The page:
The Irrawaddy Burma Election 2010

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Mon Decide to Field no Election Candidates

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A political alliance representing Burma's Mon community has decided not to take part in the planned general election.
A political alliance representing Burma's Mon community has decided not to take part in the planned general election.

The decision, taken on March 30 at a meeting of a 15-member committee in the Mon State capital, Moulmein, leaves the Mon with no representation in the election.

kyaikhtiyoThe alliance includes former members of the central committee of the New Mon State Party (NMSP), an armed group that signed a ceasefire agreement with the junta in 1995, members of the Mon National Democratic Front (MNDF) and other respected Mon community leaders.

The MNDF announced last week that it will not contest the election because the junta's election law is unjust.

The NMSP announced last year its opposition to participation in the election. The party has called for a review of the 2008 constitution, saying it doesn't protect ethnic or democratic rights.   

A member of the political alliance's committee, speaking anonymously, told The Irrawaddy on Thursday, that a majority rejected the election law and decided not to contest the election.

“It was like the National League for Democracy decision,” he said.

When the Mon political alliance formed in June last year it said it planned to take part in the election, although its committee was divided on the issue. The promulgation of the election laws in March swung opinion against participation in the election.

At a meeting of the committee in March, one member, Nai Bangya Aung Moe, told The Irrawaddy that the Mon alliance could advance peace and democracy by taking part in the election.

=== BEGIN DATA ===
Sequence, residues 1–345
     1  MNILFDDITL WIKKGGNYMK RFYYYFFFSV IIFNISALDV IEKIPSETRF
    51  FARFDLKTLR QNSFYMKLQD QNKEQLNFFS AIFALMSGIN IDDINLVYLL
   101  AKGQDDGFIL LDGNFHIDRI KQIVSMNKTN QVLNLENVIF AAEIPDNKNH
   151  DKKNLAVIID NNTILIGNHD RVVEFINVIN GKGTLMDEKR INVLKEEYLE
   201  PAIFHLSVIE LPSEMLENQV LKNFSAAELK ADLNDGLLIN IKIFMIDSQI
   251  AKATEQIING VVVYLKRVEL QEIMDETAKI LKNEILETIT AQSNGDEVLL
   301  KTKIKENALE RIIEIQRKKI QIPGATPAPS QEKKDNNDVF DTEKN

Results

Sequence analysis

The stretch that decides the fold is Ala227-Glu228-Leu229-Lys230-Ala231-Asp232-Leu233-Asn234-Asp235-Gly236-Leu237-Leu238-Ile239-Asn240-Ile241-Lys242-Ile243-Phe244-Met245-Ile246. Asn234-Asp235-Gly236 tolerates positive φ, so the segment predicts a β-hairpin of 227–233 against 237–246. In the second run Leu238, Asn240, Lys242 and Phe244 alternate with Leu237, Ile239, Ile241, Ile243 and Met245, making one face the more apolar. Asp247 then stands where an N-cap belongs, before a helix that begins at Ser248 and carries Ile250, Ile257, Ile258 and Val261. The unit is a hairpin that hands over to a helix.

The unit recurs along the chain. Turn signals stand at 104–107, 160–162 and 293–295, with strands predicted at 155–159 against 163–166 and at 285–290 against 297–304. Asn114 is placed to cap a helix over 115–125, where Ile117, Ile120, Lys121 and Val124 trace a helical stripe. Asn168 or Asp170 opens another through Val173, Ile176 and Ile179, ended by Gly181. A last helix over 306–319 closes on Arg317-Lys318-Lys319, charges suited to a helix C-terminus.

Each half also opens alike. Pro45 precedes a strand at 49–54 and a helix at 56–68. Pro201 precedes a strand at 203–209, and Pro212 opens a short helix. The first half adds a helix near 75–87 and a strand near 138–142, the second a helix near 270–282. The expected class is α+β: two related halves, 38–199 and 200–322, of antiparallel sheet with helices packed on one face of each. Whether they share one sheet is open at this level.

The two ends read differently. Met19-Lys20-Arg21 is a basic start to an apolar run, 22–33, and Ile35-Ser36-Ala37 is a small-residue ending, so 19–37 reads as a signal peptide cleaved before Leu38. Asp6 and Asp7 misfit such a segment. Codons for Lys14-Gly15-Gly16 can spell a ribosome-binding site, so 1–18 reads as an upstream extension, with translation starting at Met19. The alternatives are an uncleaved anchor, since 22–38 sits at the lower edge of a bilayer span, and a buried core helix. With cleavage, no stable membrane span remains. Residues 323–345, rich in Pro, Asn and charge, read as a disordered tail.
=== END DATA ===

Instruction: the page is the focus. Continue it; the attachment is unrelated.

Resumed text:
“We need national reconciliation, peace, democracy and development,” he said. “I want to implement work on that.”

A Mon monk in Rangoon said: “They (regime) will not get one vote from our people if the Mon has a political party participating in the election.”

The monk said: “If there is a Mon political party at the election, the Mon people will have a chance to vote for their own people. We will be able to  know what is going on inside parliament if we have representatives there.  Without our people in parliament, we know nothing about what is going on.”

The MNDF participated in the 1990 election, winning five seats. The junta then disbanded the party and sentenced four elected representatives to long prison terms.

The party's military wing continues to bear arms, saying it will remained armed until the Mon people win freedom.


Nyan_win80"Once her [Aung San Suu Kyi's] sentence expires in November, and that notion is not disputed, it is our understanding that she will have served her sentence."
—Nyan Win, the foreign minister of Burma


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